In the exodus, Israel gets off to a great start as Yahweh dramatically rescues his people and demonstrates the unique status they have in his eyes.  But the history of Israel is then one failure after another.  It is littered with examples of disobedience and rejection of God.  Your life is no different.
            And so in order to redeem you from this sin, God did something unthinkable.  For your sake treated his own Son, Jesus Christ, as he treated the false god Pharaoh.  Though Jesus was without sin, God poured out judgment upon him – the judgment your sin deserves. The sinless, obedient Son of God received God’s wrath in your place.  As we will see on Good Friday next week, God gave Jesus over to suffering and death in order to redeem you from sin.
            Yet that action was not the end.  Instead, through his Spirit – the same Spirit who had caused the Son of God to become incarnate in the flesh – God raised and transformed Jesus body.  God redeemed that body from death.  He conquered death through Jesus.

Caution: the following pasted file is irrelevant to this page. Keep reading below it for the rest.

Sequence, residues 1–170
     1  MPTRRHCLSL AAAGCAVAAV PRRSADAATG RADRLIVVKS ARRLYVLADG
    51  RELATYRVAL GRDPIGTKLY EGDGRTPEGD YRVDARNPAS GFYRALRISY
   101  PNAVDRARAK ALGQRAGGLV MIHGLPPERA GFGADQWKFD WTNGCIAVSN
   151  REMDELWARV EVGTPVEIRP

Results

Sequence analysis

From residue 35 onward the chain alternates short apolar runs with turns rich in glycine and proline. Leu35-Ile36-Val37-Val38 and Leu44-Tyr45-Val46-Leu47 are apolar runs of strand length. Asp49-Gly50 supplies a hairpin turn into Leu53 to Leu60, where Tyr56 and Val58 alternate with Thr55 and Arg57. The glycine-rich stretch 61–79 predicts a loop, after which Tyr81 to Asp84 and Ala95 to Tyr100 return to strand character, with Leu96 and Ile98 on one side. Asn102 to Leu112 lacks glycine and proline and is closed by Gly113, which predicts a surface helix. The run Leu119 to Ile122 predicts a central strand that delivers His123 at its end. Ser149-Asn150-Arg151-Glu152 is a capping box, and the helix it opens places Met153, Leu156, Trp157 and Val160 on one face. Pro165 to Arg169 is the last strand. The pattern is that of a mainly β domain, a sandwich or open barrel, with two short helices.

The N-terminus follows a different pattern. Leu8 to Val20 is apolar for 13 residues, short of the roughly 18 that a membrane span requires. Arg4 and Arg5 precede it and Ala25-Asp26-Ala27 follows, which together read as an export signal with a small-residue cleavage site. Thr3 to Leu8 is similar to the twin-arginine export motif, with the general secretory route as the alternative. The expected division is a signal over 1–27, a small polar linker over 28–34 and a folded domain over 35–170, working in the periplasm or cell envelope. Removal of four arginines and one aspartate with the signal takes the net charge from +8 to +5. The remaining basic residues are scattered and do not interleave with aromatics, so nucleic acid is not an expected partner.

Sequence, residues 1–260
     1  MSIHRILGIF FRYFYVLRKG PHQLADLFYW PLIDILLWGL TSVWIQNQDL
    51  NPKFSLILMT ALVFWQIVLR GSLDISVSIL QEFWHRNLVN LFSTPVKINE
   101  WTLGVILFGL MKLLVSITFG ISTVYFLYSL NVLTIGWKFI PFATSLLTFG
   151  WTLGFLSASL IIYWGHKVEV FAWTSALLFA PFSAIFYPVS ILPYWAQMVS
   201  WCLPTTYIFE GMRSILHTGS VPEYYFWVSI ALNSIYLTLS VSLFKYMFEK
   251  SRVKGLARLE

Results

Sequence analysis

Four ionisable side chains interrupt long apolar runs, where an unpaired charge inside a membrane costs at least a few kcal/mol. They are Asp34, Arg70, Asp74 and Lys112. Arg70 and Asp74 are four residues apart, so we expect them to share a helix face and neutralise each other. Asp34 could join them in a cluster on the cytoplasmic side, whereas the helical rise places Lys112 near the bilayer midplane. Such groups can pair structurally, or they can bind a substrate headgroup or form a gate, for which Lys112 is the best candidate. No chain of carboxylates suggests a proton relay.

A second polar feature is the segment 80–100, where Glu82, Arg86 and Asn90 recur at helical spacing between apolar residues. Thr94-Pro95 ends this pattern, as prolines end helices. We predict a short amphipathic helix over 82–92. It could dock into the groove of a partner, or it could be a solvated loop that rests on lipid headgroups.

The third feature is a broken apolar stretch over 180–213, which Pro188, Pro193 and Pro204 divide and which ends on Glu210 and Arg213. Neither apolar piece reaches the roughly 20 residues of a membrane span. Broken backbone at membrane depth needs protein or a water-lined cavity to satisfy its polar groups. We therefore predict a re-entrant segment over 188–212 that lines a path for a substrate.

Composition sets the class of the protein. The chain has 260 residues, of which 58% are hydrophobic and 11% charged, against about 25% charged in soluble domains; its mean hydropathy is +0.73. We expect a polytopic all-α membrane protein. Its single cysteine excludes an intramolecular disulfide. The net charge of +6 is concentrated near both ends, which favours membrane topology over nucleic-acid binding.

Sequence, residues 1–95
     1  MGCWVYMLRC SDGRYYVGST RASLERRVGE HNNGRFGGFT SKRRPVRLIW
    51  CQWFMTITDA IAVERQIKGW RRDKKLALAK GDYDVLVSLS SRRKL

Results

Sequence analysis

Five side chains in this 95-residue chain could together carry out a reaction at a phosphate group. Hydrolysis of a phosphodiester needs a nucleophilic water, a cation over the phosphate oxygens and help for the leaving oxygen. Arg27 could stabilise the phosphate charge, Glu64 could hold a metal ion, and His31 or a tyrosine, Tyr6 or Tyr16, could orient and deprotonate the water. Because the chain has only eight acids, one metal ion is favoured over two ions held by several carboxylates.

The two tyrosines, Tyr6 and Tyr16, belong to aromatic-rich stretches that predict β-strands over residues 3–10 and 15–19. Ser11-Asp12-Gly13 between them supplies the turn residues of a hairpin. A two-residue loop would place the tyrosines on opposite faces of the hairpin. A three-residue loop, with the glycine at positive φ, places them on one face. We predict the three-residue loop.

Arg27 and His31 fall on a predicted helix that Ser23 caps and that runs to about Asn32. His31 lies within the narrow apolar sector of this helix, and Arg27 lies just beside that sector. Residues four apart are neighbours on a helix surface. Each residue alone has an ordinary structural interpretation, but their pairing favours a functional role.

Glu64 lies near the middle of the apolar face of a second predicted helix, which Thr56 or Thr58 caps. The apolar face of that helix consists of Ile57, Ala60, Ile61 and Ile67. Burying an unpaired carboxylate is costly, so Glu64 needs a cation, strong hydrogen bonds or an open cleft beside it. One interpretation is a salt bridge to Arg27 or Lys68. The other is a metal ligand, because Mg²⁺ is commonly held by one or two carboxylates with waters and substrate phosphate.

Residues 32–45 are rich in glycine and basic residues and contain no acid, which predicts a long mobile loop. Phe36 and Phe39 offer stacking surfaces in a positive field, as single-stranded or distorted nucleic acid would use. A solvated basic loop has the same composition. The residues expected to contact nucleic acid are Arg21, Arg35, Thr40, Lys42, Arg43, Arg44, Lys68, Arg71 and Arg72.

Now, God has brought you through the water.  By your baptism God has joined you to Jesus’ saving death and resurrection.  You have been baptized into Christ.  St. Paul told the Galatians, “But when the fullness of time had come, God sent forth his Son, born of woman, born under the law,
to redeem those who were under the law, so that we might receive adoption as sons. And because you are sons, God has sent the Spirit of his Son into our hearts, crying, ‘Abba! Father!’”
            Through Jesus the Son, you have become sons and daughters of God.  Born again of water and the Spirit, the Spirit now leads you to call upon God in faith.  You live with the assurance of forgiveness and eternal life.  And you also bear the fruits of the Spirit as you love and serve others.
            During these Lent services we have followed the narrative in the book of Exodus.  We have arrived at the Passover. And so we are prepared to enter into Holy Week.  We will see that God’s judgment and rescue in the Passover was a type of what God has done for us in Christ.  It was an event in the Old Testament that pointed forward to a greater fulfillment – to what God has done for our salvation in the Lord Jesus, and the sacraments of Holy Baptism and the Lord’s Supper by which he gives us the forgiveness of sins and eternal life.